To my sister, brother, and myself, our father could do no wrong. We were in awe of him. Yet, we had a very close, loving relationship with him. He was the voice of reason and was never out of control. Today, I think back and realize that never once in my life did I ever hear my father use a swear word. Now, my mother could out cuss with the best of them, but in spite of her Irish temper and colorful language--she never succeeded in getting my father to resort to profanity. I learned to respect his restraint.
Language, to my father, was so important that he developed a vocabulary that had us running to the dictionary (no computers in those days) to discover what the heck he was talking about. When he developed a brain tumor at the age of 69, his speech was the last thing to go and it faded away --bit by bit. The doctors said that it was because of the fact that he had built and utilized such a large vocabulary that he was able to make sense, verbally, for as long as he did. My love of language and reading is directly traceable to my father. So much so, that I became a teacher of English; a teacher, like my father.
At one time, early in my father's life, he trained to be an Episcopalian priest. The story goes that he went all the way up until his ordination when he met my mother and then, that was the end of the priesthood. The family always used to joke about that one with the usual kinds of humorous jabs at my mother. She took it all in good spirits. Another story we grew up with was the story of how they met. My mother told us that she was dancing at a dance hall and remembered twirling around with her flouncy skirt, high heels, and long, black hair when she noticed two men enter, look at her, and flip a coin. The next moment one of them, my father, cut in and asked her to dance. She said they both wanted to dance with her and, "Your father won!" My father would tell the very same story, but when it came to who won the coin toss, he would always leave us laughing by saying, "Your mother thinks I won."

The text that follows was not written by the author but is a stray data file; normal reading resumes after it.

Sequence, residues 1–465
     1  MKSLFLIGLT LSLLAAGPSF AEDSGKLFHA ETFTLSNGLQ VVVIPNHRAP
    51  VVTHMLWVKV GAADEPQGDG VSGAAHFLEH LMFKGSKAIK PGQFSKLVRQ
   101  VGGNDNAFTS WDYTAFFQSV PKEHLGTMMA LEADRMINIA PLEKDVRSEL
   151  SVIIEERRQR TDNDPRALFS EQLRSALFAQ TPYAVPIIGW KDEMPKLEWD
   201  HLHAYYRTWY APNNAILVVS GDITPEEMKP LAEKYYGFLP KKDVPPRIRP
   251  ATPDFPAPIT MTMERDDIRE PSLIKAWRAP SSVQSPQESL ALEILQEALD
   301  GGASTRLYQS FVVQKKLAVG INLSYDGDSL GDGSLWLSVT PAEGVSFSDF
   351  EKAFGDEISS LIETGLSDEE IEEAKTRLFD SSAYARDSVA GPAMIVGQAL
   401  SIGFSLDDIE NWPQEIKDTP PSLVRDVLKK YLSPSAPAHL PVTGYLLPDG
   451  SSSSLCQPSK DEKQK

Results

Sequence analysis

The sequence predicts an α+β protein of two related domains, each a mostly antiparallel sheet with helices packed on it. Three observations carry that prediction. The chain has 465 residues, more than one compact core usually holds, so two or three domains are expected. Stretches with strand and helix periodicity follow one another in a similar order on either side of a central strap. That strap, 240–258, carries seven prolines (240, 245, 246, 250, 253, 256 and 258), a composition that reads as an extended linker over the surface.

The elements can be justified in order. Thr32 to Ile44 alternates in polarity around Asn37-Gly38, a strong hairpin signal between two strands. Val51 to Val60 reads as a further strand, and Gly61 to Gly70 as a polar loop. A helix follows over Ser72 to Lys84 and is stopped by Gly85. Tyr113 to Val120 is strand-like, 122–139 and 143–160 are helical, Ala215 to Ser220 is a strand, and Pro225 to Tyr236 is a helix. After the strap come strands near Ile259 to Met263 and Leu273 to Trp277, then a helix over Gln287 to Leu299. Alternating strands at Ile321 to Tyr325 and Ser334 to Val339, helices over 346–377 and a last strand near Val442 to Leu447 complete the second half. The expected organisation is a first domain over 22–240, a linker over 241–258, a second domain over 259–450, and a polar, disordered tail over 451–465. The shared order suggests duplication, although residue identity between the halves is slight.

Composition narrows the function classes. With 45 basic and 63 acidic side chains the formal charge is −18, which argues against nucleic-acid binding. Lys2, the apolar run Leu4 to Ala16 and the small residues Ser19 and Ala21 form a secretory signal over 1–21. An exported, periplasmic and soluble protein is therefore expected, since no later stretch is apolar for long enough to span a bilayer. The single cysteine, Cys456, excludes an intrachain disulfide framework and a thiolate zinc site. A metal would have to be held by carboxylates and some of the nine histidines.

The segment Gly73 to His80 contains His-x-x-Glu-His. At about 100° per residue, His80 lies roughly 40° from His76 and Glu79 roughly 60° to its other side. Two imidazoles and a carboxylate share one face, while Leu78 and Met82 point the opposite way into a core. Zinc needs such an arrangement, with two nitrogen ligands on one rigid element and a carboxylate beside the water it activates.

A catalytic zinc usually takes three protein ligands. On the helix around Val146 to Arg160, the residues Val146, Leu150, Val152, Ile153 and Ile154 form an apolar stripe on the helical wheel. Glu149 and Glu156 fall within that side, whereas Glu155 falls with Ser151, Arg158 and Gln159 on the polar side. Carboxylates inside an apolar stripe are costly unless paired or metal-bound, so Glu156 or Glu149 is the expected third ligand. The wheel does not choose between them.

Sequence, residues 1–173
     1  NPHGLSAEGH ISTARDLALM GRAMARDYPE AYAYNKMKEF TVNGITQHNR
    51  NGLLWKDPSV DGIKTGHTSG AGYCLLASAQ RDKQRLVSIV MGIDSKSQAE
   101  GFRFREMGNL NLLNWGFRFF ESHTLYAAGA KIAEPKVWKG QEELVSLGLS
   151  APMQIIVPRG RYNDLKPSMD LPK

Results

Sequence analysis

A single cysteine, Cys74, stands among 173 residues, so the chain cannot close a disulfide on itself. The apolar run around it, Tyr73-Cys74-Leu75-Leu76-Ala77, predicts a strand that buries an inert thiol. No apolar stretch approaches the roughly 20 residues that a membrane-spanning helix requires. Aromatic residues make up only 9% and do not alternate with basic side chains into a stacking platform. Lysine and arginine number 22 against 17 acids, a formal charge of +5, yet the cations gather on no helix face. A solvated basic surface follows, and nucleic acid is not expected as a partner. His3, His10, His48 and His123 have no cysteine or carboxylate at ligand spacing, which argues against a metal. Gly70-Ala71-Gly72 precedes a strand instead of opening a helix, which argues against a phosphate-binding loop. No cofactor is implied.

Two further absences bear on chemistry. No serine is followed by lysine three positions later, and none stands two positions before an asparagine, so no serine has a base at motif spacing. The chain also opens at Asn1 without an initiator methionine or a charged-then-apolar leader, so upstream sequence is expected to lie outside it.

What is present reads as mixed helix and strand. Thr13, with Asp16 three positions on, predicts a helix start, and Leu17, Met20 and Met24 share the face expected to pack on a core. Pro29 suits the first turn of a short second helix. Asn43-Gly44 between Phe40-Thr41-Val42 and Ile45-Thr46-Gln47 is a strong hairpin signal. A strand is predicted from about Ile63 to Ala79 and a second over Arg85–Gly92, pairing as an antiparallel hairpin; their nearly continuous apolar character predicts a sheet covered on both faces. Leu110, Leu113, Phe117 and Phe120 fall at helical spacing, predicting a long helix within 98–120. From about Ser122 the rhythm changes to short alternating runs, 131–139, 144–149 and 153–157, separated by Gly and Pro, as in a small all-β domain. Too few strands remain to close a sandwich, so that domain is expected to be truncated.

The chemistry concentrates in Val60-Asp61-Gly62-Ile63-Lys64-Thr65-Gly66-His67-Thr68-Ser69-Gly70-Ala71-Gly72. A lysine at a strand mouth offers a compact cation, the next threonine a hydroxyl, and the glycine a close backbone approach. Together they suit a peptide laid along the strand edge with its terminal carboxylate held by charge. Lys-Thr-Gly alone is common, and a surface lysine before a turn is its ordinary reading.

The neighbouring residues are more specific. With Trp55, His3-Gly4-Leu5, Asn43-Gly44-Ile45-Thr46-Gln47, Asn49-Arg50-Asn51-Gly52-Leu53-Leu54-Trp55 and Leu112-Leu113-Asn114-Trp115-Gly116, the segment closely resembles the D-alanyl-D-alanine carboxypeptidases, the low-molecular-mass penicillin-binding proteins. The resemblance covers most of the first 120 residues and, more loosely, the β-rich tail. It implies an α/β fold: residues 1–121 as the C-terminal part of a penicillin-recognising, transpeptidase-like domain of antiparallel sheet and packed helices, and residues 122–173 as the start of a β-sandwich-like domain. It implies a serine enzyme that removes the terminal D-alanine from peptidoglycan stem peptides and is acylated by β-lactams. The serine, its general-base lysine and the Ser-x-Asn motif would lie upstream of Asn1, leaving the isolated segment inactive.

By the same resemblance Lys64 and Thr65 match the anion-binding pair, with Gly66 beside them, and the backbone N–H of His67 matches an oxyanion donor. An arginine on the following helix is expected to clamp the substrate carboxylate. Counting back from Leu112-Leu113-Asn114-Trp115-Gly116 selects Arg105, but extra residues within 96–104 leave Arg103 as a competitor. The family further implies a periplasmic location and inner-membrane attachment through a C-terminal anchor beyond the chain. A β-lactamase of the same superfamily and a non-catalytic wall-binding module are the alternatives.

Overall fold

Dad was the true disciplinarian in the house. Very early on, when we were young, he was the Dean of Boys at the local high school. I can't tell you how awful it is to be in high school and have your father at the same school in charge of disciplining boys--the ones you wished to date. At least in college, I thought, I will have my own life back. It was at the start of my freshman year in college when my father took his position at my university as director of athletics--so much for dating a jock, I thought. But I enjoyed seeing my dad on campus, visiting him in his office, and lunching with him at the student union. And then, of course, we always had the best basketball, football, and baseball season tickets. Another perk was the many exciting out of state games we attended as a family. Some of the best memories we have were of the championship games in Nevada, Florida, and California, to name a few.